1. Exemplary Hardware
Cardiac rhythm management devices such as pacemakers and ICDs are typically implanted subcutaneously on a patient's chest and have leads threaded intravenously into the heart to connect the device to electrodes used for sensing and delivery of electrical stimulation such as defibrillation shocks and pacing pulses. A programmable electronic controller causes the delivery of pacing pulses in response to lapsed time intervals and sensed electrical activity (i.e., intrinsic heart beats not as a result of a pacing pulse). Pacemakers sense intrinsic cardiac electrical activity by means of internal electrodes disposed near the chamber to be sensed. A depolarization wave associated with an intrinsic contraction of the atria or ventricles that is detected by the pacemaker is referred to as an atrial sense or ventricular sense, respectively. In order to cause a contraction in the absence of an intrinsic beat, a pacing pulse (either an atrial pace or a ventricular pace) with energy above the capture threshold can be delivered to the chamber.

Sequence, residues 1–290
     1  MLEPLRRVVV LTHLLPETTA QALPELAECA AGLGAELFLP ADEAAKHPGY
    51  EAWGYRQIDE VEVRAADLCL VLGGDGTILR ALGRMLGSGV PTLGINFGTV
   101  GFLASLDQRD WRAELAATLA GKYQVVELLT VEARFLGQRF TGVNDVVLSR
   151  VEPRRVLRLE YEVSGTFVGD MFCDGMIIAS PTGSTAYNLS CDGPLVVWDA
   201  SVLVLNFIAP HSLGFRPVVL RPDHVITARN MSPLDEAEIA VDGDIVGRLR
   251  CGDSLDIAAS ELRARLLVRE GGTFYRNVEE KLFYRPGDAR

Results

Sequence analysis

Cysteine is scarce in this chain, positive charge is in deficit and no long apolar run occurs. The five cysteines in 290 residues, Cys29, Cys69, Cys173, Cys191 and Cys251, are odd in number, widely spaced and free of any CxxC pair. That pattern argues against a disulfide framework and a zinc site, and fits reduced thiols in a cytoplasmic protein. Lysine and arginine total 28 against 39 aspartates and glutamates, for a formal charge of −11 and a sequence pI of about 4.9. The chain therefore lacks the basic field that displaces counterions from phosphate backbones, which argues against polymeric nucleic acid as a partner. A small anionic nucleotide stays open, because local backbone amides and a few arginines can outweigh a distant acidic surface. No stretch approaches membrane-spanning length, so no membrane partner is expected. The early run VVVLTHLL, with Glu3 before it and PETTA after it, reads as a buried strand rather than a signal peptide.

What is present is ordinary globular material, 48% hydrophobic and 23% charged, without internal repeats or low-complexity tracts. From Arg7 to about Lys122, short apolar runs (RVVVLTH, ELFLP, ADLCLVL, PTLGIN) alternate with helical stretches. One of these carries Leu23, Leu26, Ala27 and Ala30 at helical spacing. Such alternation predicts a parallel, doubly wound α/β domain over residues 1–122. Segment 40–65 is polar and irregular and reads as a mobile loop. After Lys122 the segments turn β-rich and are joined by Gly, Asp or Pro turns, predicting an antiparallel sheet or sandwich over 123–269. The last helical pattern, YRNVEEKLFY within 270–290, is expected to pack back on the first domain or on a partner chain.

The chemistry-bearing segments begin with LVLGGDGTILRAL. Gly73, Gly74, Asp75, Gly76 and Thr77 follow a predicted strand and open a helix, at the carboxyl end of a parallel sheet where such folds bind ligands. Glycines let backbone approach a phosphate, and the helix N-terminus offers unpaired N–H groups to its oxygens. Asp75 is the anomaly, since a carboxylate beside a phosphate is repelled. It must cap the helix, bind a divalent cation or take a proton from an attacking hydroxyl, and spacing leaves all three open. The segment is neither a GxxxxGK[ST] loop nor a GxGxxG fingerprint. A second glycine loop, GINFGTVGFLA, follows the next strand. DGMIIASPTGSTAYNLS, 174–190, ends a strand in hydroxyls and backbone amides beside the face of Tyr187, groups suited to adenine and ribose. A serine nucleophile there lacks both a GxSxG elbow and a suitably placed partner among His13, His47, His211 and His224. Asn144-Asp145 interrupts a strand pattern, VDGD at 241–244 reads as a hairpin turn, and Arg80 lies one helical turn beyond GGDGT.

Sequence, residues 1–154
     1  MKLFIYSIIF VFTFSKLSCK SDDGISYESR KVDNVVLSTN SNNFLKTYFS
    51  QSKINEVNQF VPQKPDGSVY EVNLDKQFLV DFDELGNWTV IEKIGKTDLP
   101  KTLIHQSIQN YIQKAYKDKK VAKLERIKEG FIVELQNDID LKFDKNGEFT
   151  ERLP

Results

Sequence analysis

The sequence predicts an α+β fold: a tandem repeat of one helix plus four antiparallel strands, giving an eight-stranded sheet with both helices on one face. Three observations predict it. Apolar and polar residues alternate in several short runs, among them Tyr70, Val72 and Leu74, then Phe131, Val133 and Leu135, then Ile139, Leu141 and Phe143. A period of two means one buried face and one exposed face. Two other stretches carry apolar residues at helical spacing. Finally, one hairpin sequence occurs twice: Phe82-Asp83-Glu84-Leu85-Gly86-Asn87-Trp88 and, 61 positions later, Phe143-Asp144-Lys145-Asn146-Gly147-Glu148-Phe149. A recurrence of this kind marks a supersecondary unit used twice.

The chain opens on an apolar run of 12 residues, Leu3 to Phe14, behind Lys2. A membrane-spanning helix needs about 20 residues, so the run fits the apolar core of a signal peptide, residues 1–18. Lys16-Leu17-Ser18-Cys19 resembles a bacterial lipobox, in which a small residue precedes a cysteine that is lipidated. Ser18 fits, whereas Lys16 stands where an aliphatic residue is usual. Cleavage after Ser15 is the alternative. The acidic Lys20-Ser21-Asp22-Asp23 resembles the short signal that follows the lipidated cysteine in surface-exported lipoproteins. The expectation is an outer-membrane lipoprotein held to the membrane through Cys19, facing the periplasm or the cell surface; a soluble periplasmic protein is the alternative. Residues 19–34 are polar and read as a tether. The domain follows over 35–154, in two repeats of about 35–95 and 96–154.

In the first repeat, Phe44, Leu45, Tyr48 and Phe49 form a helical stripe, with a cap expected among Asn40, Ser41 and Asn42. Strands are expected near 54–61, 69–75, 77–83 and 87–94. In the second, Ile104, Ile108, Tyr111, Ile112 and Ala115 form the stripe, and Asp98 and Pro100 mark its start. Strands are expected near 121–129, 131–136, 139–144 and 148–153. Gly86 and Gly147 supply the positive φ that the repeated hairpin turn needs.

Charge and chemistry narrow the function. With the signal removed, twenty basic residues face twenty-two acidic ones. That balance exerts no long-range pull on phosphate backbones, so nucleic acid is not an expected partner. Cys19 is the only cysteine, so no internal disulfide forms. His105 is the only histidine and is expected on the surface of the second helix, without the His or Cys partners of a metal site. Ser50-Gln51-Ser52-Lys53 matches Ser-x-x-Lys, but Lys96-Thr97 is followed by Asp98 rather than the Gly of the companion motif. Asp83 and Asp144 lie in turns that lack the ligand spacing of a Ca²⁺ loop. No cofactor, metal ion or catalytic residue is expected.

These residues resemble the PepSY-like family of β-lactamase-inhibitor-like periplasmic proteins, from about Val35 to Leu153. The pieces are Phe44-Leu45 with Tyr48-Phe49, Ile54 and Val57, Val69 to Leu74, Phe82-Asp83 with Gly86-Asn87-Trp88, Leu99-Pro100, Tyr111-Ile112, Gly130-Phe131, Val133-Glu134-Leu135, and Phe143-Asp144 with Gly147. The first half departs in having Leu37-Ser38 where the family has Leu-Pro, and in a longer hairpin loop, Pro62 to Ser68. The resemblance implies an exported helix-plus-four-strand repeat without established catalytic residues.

A system diagram of an exemplary cardiac rhythm management device that may be configured to deliver conventional cardiac pacing, cardiac resynchronization therapy, and/or anti-tachyarrhythmia therapy such as ATP and shock therapy is illustrated in